I’ve done this before in none performing. With a partner you take turns leading movement with your partner following you. Then they take the lead. Then no one takes the lead. What was interesting in this for me is that I preferred to follow or be part of not taking the lead. Which is odd for me as I like a little control. The leader was supposed to do the movements slowly so who was leading was less perceptible and that may have been a reason I didn’t like being the leader as slow is not my natural speed. Although I didn’t have any problem moving slowly when following. It felt more important for me to be a good team mate and supportive. When you mirror, without mimicking, people tend to be more receptive and, conversely, feel understood.
The Ministers Cat
This may be hard to explain. So while we we were maintaining a rhythm by clapping our hands on our thighs, followed by clapping our hands, followed by snapping our left hand and then our right hand, we had to say the ministers cat is a _______ cat. We went around the circle with the first one starting with A, e.g. the ministers cat is an agile cat. The next person in the circle would use a b word, e.g., the ministers gate is a bodacious cat. We’d proceed following the alphabet, which should be easy because we’ve known it by heart for a while. Not so easy. Also if the person before you slipped up and used the wrong letter, you needed to follow as if it was correct. We needed to Yes And and not perform an autocorrect. It meant you really had to listen and couldn’t figure out your letter in advance because you never knew. Also much kinder than pointing out a persons mistake.
We also did a similar exercise with pairing of words while doing the hand rhythm thing. It was not organic in the least.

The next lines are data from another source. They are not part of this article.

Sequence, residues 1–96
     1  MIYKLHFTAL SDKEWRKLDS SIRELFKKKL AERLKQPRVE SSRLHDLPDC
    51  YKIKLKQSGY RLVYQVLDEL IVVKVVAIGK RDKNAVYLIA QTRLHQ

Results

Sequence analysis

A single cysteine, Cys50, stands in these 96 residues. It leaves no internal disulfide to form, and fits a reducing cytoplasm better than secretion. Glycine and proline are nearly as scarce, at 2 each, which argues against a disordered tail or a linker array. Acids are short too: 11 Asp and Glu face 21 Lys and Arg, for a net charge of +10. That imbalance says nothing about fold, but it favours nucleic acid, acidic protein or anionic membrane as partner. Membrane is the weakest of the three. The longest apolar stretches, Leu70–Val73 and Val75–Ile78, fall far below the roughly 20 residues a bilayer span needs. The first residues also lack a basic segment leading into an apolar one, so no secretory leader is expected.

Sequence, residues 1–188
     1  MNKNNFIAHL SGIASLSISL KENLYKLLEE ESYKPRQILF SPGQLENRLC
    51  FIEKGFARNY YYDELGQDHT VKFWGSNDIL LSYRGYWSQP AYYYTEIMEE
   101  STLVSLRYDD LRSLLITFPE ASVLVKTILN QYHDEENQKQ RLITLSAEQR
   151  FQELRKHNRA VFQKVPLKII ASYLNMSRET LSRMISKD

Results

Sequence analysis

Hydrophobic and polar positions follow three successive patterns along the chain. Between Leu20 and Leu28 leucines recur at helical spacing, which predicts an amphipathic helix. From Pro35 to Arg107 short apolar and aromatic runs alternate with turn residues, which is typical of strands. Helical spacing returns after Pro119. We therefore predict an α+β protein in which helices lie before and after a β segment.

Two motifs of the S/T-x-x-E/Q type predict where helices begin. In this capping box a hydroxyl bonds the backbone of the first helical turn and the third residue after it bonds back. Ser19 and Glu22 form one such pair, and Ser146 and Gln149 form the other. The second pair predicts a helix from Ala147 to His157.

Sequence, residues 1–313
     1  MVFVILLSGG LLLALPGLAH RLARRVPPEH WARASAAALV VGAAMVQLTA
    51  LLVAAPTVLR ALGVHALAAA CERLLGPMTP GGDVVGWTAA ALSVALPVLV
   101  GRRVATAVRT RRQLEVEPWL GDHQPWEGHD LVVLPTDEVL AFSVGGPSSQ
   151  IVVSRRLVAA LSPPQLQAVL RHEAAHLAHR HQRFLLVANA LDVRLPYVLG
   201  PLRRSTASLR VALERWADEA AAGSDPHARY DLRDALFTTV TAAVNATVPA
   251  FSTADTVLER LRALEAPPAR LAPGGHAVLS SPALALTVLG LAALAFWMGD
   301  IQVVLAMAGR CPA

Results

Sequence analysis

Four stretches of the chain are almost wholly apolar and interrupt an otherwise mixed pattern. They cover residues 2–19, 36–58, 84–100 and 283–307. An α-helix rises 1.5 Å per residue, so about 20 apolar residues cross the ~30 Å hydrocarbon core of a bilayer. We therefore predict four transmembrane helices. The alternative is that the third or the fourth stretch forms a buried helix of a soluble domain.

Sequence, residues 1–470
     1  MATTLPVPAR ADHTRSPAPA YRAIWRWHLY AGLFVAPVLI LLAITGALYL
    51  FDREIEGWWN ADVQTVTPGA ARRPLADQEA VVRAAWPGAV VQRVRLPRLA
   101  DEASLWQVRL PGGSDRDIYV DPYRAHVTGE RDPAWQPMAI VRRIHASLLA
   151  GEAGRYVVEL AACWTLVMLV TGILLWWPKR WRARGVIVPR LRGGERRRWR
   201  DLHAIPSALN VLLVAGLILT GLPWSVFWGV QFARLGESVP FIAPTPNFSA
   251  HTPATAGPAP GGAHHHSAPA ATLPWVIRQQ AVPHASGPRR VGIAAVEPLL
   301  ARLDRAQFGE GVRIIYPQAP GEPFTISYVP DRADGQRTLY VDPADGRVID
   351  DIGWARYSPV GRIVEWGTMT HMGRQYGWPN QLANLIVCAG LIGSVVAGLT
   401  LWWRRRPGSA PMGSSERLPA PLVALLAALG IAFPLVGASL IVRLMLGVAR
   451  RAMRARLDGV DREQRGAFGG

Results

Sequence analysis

It felt like my left/analytic brain controlling the rhythm and my right/creative brain controlling the words were having a tug of war. Perhaps with enough practice they could become better friends, hence why I am in class.
Week 2 Summary
Still in love with Improv. In fact, since I got a job in the last week, I’ve decided to commit to the 10 week Level 1 class. There will be a slight overlap between this class and the Level 1 so yes, I’m all in on Improv. Still not sure I want to perform Improv, but I said this about Polarity Healing, Shamanism and Burlesque…we shall see.
But don’t fret in terms of blogging, I’m going to stop this experiment after Yes And so as not to turn this into the Odyssey. I wish I could say that Improv helped me nail the job, but it was really just a drawn out process. That being said, I did have another networking call during the week and I felt far more comfortable than before Improv. Also interesting aside. I’ll be starting Level 1 on the same day I start my new job. Coincidence I think not. Well maybe it is but I like to see everything as a sign.
I missed this week because I had a prior commitment which I had miswritten down in my calendar. Things I will say is that there were a few networking/social situations that popped up and normally they would have been more burdensome or boring. They were not. Perhaps Improv is having an effect. Looking forward to Week 4.